There is something supremely satisfying about looking the best that you possibly can when your life has gone to hell in a handbasket. I think of it as the Velvet Curtain Philosophy after the iconic scene in my beloved Gone With The Wind when Scarlett, desperate to pay the taxes due on Tara, horrified by the toll that hunger and poverty and hard work have exacted on her looks, and too proud (and foolish) to ask Rhett Butler for a loan in her ragged dress, creates the most stupendous costume from the only fabric she has left – her mother’s dining room curtains – so he will not suspect her diminished circumstances and she can charm him into marrying her (this is not, I will concede, Scarlett’s finest hour). Her calloused and work-worn hands give her away in the end – just as if you look closely enough you can clearly see the tell-tale signs of a body in cancer treatment – but it is the beautiful dress that gives her back her identity, and the courage to go and execute her hare-brained scheme in the first place.
He had never known such gallantry as the gallantry of Scarlett O’Hara going forth to conquer the world in her mother’s velvet curtains and the tail feathers of a rooster – Margaret Mitchell, Gone With The Wind
Hair and Make Up
Fortunately Scarlett was not suffering from cancer, and therefore didn’t have losing her Southern belle ringlets to contend with (though I am certain Vivien Leigh would have looked equally beautiful bald). Since biblical times hair has signified strength, vitality, and even superhuman powers. It’s the one thing we wear every single day; it’s not just the icing on the cake, but the signature of our trademark style. Imagine James Dean without his cooler than cool quiff, Robert Redford without his magnificent strawberry blonde mop, Farrah without her Fawcett Flick, Audrey without her pretty pixie, or Marilyn without her blonde bombshell bob. It’s no surprise then that the first question many chemotherapy patients ask is “will I lose my hair?” It certainly was one of my overriding concerns. Sickness? Fine; Nerve damage? Yes, OK; Hair loss? Rapidly developed into a full scale obsession. Literally HOURS spent googling images of bald celebrities, tying elaborate bandanas with my (wholly inappropriate) winter scarves, and wandering back and forth in front of the mirror in a shower cap to get comfortable with what I might look like bald (technically known as ‘improvisation’ and ‘getting into character’). And, of course, I purchased the eye wateringly expensive wig in the superstitious hope that it would act as a talisman against me ever actually needing it. At the time of writing the Cameron (as in Diaz; a sassy super blonde bob which is significantly more stylish than my actual hair) is still boxed up in the cupboard. This is thanks entirely to my hair hero Glenn Paxman, and his brother Neil who developed the Paxman Scalp Cooling System when Glenn’s wife was receiving chemotherapy for breast cancer. That was 18 years ago, and today the ‘cold cap’ is available to chemotherapy patients throughout the UK to mitigate against the horrible side effect of hair loss.
Emma is alone in her chair. She is hooked up to a drip, reading a newspaper and drinking a cup of coffee. Next to her a large machine is whirring. She looks up as the curtain opens and the nurse enters, carrying a bale of towels, blankets and a menacing helmet-like contraption.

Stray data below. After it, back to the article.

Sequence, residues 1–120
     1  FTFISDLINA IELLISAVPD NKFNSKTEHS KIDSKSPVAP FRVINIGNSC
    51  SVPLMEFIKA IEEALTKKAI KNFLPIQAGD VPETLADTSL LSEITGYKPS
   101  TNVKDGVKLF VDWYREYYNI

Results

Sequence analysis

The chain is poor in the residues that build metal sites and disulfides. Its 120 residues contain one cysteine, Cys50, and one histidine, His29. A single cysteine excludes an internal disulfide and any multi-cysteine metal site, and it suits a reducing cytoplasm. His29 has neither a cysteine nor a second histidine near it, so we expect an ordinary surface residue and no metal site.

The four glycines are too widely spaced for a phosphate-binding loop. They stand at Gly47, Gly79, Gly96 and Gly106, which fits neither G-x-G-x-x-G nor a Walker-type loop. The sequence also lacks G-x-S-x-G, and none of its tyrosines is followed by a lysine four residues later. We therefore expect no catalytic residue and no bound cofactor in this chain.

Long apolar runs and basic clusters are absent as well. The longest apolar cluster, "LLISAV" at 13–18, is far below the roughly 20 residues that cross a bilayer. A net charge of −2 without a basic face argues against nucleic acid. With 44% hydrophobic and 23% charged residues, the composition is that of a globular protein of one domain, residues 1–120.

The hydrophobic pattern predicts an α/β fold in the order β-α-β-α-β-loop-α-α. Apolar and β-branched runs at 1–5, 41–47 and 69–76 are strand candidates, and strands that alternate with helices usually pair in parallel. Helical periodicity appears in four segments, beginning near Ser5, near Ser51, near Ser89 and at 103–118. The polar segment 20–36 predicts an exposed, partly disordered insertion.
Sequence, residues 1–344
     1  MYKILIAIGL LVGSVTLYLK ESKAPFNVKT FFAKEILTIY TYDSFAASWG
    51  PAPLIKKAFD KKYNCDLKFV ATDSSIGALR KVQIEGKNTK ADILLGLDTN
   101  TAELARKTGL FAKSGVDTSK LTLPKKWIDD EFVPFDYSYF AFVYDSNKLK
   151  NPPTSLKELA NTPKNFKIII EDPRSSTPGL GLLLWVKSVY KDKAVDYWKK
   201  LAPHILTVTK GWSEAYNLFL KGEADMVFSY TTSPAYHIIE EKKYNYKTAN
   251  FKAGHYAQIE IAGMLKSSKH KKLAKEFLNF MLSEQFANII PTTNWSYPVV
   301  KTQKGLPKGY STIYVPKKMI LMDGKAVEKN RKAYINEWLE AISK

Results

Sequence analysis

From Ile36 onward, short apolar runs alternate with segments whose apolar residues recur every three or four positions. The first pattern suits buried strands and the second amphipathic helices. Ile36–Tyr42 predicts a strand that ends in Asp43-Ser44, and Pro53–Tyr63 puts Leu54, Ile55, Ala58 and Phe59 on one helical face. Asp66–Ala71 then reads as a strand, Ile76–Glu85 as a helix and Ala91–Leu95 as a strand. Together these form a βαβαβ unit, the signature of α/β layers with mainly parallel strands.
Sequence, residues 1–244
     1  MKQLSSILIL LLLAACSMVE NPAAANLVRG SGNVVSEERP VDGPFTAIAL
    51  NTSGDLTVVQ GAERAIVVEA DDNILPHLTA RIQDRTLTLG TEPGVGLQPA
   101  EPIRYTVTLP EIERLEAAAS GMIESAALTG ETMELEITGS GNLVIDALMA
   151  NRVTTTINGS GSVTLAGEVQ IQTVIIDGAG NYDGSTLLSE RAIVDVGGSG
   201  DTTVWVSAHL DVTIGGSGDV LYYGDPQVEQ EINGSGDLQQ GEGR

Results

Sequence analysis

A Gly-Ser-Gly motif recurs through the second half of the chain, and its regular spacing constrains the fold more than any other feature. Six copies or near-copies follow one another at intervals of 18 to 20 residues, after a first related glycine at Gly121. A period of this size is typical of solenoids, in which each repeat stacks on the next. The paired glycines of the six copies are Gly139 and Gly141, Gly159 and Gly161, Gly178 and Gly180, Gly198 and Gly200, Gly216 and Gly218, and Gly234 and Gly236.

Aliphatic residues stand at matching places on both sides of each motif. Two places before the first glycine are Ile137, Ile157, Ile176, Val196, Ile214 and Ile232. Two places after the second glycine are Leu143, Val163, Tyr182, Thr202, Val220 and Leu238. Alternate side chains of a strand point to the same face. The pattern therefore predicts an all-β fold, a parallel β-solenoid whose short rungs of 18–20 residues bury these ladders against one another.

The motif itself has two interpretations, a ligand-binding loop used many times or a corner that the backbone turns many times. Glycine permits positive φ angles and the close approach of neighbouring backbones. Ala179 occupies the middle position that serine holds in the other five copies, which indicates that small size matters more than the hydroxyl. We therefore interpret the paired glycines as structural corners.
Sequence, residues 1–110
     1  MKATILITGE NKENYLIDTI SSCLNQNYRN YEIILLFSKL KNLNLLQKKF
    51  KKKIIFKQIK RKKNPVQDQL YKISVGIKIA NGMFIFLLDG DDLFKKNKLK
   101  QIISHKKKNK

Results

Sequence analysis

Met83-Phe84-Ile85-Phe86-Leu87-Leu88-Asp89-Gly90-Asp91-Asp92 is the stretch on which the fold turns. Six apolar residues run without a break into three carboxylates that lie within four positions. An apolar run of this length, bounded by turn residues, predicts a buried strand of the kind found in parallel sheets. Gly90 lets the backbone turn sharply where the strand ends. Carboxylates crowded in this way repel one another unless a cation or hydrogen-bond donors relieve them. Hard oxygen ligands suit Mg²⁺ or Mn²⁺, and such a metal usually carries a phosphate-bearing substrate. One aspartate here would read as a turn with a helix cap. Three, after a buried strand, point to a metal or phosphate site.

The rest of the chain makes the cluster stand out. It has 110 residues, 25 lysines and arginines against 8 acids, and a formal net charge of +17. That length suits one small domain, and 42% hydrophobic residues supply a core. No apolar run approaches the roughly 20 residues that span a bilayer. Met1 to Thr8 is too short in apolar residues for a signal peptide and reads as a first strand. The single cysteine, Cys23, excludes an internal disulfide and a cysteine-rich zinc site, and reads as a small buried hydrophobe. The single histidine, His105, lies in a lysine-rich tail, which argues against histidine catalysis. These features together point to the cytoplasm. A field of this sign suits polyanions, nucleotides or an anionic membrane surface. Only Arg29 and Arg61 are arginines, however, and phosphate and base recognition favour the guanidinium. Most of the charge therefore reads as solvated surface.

It’s time, then?
Here comes the science bit…
The ‘cold cap’ is exactly what it says – an ice cold hat that cools the scalp from 360C to a frosty 220C, so blood supply is reduced and the activity in the cells is slower, which reduces the amount of chemotherapy drugs that reach the hair follicles. It’s a beautifully elegant solution to a vexing problem, theoretically at least. In practice the ice hat is anything but elegant; a neoprene skull cap that must be clamped to the scalp before, during and after treatment, for anything between 1 and 5 hours depending on the chemotherapy regime. There is cold, and then there is the Cold Cap. This is your face in the bitter wind howling down Michigan Avenue on a January day. This is Dennis Quaid battling sub-zero temperatures to rescue Jake Gyllenhaal in a post ice-age Day After Tomorrow. This is Han Solo frozen in carbonite…
Actually, in reality, it’s nowhere near as punishing as it sounds – the ‘brain freeze’ pain subsides after 15-20 minutes, and you quickly acclimatise as a thin layer of ice forms over your scalp, but it is the very definition of ‘no pain, no gain’.
Cumulatively I’ve clocked up 62 hours under the cold cap so far – which must surely entitle me to some kind of silver tier loyalty status – and only twice have I had to resist the urge to scream at the nurse to get this Godforsaken instrument of torture the hell away from my head while yanking the plug out of the socket and staging a very public actor’s hissy fit. On both occasions I have waited that split second long enough to consider the consequences, and swiftly concluded that no matter how much pain I am in right this second, it is absolutely preferable to the complete hassle I will be faced with if I have to faff around with a hat/scarf/wig every time I want to leave the house, or go bald and invite the sympathy stares of strangers. This is a long running production, and I’d personally prefer not spend the better part of each day in Hair and Make Up before I can venture out in public. I’ve learnt a lot about myself during this experience, and theses are the lengths that vanity and sheer laziness will drive me to.